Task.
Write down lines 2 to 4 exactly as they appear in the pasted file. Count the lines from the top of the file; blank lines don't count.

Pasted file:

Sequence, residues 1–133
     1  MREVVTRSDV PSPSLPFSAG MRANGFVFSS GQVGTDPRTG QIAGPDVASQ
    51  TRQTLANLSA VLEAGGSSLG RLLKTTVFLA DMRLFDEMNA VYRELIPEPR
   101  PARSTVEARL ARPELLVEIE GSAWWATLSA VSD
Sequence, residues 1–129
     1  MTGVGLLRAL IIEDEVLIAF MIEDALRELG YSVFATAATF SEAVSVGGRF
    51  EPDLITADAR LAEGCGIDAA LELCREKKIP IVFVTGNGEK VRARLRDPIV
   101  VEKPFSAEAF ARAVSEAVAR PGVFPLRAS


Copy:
     1  MREVVTRSDV PSPSLPFSAG MRANGFVFSS GQVGTDPRTG QIAGPDVASQ
    51  TRQTLANLSA VLEAGGSSLG RLLKTTVFLA DMRLFDEMNA VYRELIPEPR
   101  PARSTVEARL ARPELLVEIE GSAWWATLSA VSD